Processing of RHA and concrete ingredients The rice husk collected from local mill in Meghalaya, India was burnt in a furnace to produce RHA. After burning it was cooled inside the furnace for
about 24 hours. The burnt ashes were taken out for grinding using a Los Angeles machine. Fig. 1 shows the products obtained after the operations. The final product of RHA was graded in accordance with BS-812 . Chemical properties of RHA and their comparison with OPC are presented in Table 1.
Coarse aggregate from crushed basalt rock was use. River sand was used as fine aggregate. Material used have been tested as per relevant codal provision [IS 2386 (I, III), 1963]. Various grades of OPC classified by BIS namely: 33, 43 and 53 conforming to standard codal provision [IS 269-1989, IS 8112-1989 and IS 12269-1987] were used. The cement by RHA are 0, 10, 20, 30 and 40% per each grades. Table 2 illustrates the detail of various percentages chosen. The mix was designed for target cube strength of 30 MPa at 28 days with water-cement ratio of 0.38. A simple method of mix proportioning using RHA (i.e. RHA as part replacement of cement by weight) has been adopted.
Fig.1 Product after each process
Casting, Curing and Testing of specimens
Eighteen cubes of sizes 150x150x150 mm were cast per variety of sample per each grades of cement for strength test and water absorption test. Cube strength was examined at different ages i.e. 7, 28, 56 and 90 days. However, water absorption test were examined at 56 and 90 days. For water absorption, the cubes were kept moist for the above test age in tap water and then heated for 24 hours at 110 ÂºC in an oven.
Two un-reinforced beams of sizes 150 x150x1000 mm per each grade of cement were cast to measure the shrinkage. Shrinkage test of beam after 28 days of curing were done by measuring the change in length of the specimen at 7 days interval.
Six mortar cubes of 50x50x50 mm were cast per variety of the sample and per each grades of cement for durability test (sulphate resistance). The resistance to
sulphate attack were evaluated by immersion of well- cured specimens after 28 days of curing in a standard sodium sulphate solution (Na2SO4) having concentration of 16 gm/l [Buenfeld and Newman, 1984]. An enhanced sulphate salt concentration as high as eight times that of average salt concentration of sea water was considered. The specimens were alternately wetting and drying at 7 days inervals and then determining the strength loss as a result of sulphate exposure for 28 days.
Table 1: Physical and Chemical Properties of RHA and OPC
SDA % by
OPC % by
Moisture contents (%
Loss on ignition
Total SiO2 +Fe2O3
Table 2 Details of proportions of cement and fly ash
% of cement
% of RHA
Results and discussion
Various parameters which significantly affect the properties of concrete (plastic and harden state) with the inclusion of RHA are discussed below.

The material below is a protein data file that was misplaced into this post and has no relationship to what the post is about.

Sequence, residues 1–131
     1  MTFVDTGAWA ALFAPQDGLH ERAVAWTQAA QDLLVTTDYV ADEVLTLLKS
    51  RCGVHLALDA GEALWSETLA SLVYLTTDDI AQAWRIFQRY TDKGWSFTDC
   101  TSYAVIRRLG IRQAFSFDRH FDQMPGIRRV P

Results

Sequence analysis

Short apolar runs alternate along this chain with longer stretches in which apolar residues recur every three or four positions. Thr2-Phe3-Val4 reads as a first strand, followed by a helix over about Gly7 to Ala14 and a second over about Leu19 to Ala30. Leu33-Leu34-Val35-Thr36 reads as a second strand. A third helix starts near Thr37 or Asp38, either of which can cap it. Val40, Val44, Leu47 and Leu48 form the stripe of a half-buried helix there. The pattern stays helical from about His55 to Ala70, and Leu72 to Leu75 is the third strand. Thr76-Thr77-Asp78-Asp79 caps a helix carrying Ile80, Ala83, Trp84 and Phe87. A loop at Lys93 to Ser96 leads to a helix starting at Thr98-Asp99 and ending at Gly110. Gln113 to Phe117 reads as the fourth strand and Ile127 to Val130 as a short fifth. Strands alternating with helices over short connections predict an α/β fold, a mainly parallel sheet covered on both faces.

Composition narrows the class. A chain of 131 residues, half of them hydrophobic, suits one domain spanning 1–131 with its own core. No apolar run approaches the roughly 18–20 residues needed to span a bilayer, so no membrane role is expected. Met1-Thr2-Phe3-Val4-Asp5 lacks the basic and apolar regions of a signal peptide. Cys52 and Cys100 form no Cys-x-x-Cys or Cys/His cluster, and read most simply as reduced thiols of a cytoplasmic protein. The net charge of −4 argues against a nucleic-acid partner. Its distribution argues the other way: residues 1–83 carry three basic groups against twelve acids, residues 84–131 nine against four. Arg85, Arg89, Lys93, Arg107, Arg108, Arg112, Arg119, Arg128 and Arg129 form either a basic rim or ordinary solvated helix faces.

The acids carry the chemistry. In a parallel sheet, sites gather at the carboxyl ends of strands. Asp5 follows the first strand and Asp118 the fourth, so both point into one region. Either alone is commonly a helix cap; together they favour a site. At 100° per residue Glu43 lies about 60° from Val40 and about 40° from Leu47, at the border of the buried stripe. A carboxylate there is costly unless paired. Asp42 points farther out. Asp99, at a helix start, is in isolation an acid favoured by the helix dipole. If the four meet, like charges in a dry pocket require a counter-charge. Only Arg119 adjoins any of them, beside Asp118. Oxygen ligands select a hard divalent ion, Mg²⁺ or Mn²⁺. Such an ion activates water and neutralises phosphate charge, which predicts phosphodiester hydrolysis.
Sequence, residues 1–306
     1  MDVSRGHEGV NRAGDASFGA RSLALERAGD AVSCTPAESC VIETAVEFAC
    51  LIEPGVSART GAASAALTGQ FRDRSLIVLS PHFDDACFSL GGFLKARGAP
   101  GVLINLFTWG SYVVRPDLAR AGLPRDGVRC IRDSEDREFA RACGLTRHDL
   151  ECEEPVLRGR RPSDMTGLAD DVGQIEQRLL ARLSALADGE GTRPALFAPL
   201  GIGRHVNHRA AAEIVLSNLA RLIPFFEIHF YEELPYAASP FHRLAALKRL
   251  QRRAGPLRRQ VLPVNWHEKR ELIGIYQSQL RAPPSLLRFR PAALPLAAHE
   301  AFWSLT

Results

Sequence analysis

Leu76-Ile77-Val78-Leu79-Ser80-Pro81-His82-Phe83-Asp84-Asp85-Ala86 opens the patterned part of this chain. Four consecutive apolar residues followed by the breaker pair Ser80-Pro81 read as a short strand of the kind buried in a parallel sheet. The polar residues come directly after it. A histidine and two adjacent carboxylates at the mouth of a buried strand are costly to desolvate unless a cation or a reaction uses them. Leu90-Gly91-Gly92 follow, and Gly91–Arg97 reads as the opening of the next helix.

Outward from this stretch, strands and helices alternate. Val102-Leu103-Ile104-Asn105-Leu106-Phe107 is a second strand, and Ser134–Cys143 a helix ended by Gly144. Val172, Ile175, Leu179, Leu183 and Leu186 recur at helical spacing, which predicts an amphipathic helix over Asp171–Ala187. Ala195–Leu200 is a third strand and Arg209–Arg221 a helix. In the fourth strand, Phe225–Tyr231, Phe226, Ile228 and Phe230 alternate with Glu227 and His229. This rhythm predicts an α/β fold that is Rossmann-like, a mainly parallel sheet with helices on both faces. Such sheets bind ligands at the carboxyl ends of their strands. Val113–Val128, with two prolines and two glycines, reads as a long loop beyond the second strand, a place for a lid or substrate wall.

Effect of RHA on cementitious properties
The physical and chemical properties of SDA used in this study are shown in Table 1. It is seen that the RHA proportion of silicon dioxide (SiO2), aluminum oxide (Al2O3) and iron oxide (Fe2O3) when combined together was 77.58%, which slightly less than that specified by ASTM C 618 for pozzolana.
The main physical properties of RHA that influence the activity in gaining strength is its fineness. RHA required having equal or finer than OPC for its good cementing efficiency. The fineness of the 33, 43 and 53 cement grades OPC in this investigation are found to be 9, 8 and 6% residue on 90 micron sieve size respectively. Fineness of RHA is found to be 5%. This shows that RHA is of finer size as comparable to cement particles. Thus, it is expected to have appreciable influence on the strength development on concrete.
Fig. 2 shows the variation of setting time [initial setting time (IST) and final setting time (FST)], where it increased with increasing RHA content. This behavior may be due to the low rate of hydration in the paste containing RHA. 33 grades OPC takes longer time (both initial and final) as compared the other two grades. This same trend was also observed by Marthong  when OPC of various grades were partially replaced by class-F fly ash. The soundness as shown in Fig. 3 slightly increased upon the inclusion of RHA. Soundness of 33 grades OPC was found to be slightly lower as compared to the other two grades of OPC. The obtained values of setting time and soundness was however, within the recommended range for all grades of OPC paste [IS 269-1989, IS 8112-1989 and IS 12269-1987].
Fig. 4 shows the variation of normal consistency for different grades of OPC using different percentage RHA. The plot indicates that the water requirement for the paste increases approximately linearly for all grades of OPC. The normal consistency of 43 and 53 grades cement are higher by 9 and 12% as compared to that of 33 grade cement. Further, the cement of 53 grades is finer as compared to 33 grades OPC; hence more water